4. It is proper here to notice a difference in the meaning of the word heir, as it is understood by the common and by, the civil law. By the civil law, the term heirs was applied to all persons who were called to the succession, whether by the act of the party or by operation of law. The person who was created universal successor by a will, was called the testamentary heir; and the next of kin by blood was, in cases of intestacy, called the heir at law, or heir by intestacy. The executor of the common law is, in many respects, not unlike the testamentary heir of the civil law. Again, the administrator in many respects corresponds with the heir by intestacy. By the common law, executors unless expressly authorized by the will and administrators, have no right, except to the personal estate of the deceased; whereas, the heir by the civil law was authorized to administer both the personal and real estate. 1 Brown's Civ. Law, 344; Story, Confl. of Laws, Sec. 508.
5. All free persons, even minors, lunatics, persons of insane mind or the like, may transmit their estates as intestate ab intestato, and inherit from others. Civ. Code of Lo., 945; Accord, Co. Lit. 8 a.
6. The child in its mother's womb, is considered as born for all purposes of its own interest; it takes all successions opened in its favor, after its conception, provided it be capable of succeeding at the moment of its birth. Civ. Code of Lo. 948. Nevertheless, if the child conceived is reputed born, it is only in the hope of its birth; it is necessary then that the child be born alive, for it cannot be said that those who are born dead ever inherited. Id. 949. See In ventre sa mere.
HEIR. APPARENT. One who has an indefeasible right to the inheritance, provided he outlive the ancestor. 2 Bl. Com. 208.
HEIR, BENEFICIARY. A term used in the civil law. Beneficiary heirs are those who have accepted the succession under the benefit of an inventory regularly made. Civ. Code of Lo. art. 879. If the heir apprehend that the succession will be burdened with debts beyond its value, he accepts with benefit of inventory, and in that case he is responsible only for the value of the succession. See inventory, benefit of.
HEIR, COLLATERAL. A collateral heir is one who is not of the direct line of the deceased, but comes from a collateral line; as, a brother, sister, an uncle and aunt, a nephew, niece, or cousin of the deceased.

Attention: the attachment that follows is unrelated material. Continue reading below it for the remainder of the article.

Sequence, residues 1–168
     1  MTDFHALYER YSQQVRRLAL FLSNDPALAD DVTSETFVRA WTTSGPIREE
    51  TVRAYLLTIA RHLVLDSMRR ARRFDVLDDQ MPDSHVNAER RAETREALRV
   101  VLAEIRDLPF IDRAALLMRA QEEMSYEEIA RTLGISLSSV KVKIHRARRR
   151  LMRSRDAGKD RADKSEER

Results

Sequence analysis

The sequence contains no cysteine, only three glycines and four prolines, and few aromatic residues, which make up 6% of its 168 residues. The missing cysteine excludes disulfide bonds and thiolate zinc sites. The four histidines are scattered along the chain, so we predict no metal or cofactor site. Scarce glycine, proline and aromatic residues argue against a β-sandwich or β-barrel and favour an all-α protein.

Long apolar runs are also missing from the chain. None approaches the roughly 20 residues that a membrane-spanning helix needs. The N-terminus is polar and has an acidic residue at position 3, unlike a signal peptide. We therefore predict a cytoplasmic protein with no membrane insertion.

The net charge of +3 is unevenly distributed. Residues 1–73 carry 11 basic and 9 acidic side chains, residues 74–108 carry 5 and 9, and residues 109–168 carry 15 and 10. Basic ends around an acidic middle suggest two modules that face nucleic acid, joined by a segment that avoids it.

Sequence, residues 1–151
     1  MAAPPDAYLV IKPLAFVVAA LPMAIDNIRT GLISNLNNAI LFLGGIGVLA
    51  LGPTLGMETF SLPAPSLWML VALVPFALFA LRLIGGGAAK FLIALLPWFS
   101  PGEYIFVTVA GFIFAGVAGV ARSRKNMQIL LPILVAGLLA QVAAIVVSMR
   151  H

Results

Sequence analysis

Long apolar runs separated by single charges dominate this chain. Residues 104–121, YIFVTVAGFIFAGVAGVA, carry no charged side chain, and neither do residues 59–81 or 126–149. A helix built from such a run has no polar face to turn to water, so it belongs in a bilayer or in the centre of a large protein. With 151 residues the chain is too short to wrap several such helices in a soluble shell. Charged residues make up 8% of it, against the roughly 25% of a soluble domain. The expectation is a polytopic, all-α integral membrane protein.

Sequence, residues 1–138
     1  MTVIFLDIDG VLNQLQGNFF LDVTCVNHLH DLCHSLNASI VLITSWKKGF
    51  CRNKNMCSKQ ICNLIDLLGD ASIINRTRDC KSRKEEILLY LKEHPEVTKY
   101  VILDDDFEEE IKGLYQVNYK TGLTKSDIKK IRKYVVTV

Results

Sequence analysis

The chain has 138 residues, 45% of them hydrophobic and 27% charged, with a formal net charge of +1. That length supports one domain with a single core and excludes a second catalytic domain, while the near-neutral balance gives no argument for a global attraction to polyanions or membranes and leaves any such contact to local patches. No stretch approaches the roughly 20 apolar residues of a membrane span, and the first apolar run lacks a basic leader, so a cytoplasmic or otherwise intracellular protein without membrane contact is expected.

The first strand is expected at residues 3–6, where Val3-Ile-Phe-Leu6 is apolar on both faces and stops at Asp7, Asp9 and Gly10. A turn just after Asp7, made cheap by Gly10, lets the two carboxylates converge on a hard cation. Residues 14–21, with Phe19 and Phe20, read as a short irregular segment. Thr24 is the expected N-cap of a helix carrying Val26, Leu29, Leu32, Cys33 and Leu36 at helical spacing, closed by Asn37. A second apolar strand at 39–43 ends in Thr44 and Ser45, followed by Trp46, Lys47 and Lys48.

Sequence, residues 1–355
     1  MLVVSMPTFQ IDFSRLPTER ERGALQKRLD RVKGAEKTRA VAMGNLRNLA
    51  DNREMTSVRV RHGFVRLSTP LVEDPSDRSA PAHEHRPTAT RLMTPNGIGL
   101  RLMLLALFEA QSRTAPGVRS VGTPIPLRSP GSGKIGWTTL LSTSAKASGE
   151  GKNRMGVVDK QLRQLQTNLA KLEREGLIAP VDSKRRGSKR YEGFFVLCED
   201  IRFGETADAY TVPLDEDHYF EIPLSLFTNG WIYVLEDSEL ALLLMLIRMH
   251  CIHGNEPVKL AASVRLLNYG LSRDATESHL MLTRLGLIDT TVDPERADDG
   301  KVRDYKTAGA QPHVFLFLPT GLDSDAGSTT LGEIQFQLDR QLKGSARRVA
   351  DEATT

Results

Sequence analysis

HEIR, CONVENTIONAL, civil law. A conventional heir is one who takes a succession by virtue of a contract; for example, a marriage contract, which entitles the heir to the succession.
HEIR, FORCED. Forced heirs are those who cannot be disinherited. This term is used among the civilians. Vide Forced heirs
HEIR, GENERAL. Heir at common in the English law. The heir at common law is he who, after his father or ancestor's death has a right to, and is introduced into all his lands, tenements and hereditaments. He must be of the whole blood, not a bastard, alien, &c. Bac. Abr. Heir, B 2; Coparceners; Descent.
HEIR, IRREGULAR. In Louisiana, irregular heirs are those who are neither testamentary nor legal, and who have been established by law to take the succession. See Civ. Code of Lo. art. 874. When the deceased has left neither lawful descendants nor ascendants, nor collateral relations, the law calls to his inheritance either the surviving husband or wife, or his or her natural children, or the state. Id. art., 911. This is called an irregular succession.
HEIR, LEGAL, civil law. A legal heir is one who is of the same blood of the deceased, and who takes the succession by force of law; this is different from a testamentary or conventional heir, who takes the succession in virtue of the disposition of man. See Civil, Code of Louis. art. 873, 875; Dict. de Jurisp., Heritier legitime. There are three classes of legal heirs, to wit; the children and other lawful descendants; the fathers and mothers and other lawful ascendants; and the collateral kindred. Civ. Code of Lo. art. 883.
HEIR, TESTAMENTARY, civil law. A testamentary heir is one who is constituted heir by testament executed in the form prescribed by law. He is so called to distinguish him from the legal heirs, who are called to the succession by the law; and from conventional heirs, who are so constituted by a contract inter vivos. See Haeres factus; Devisee.
HEIR, UNCONDITIONAL. A term used in the civil law, adopted by the Civil Code of Louisiana. Unconditional heirs are those who inherit without any reservation, or without making an inventory, whether their acceptance be express or tacit. Civ. Code of Lo. art. 878.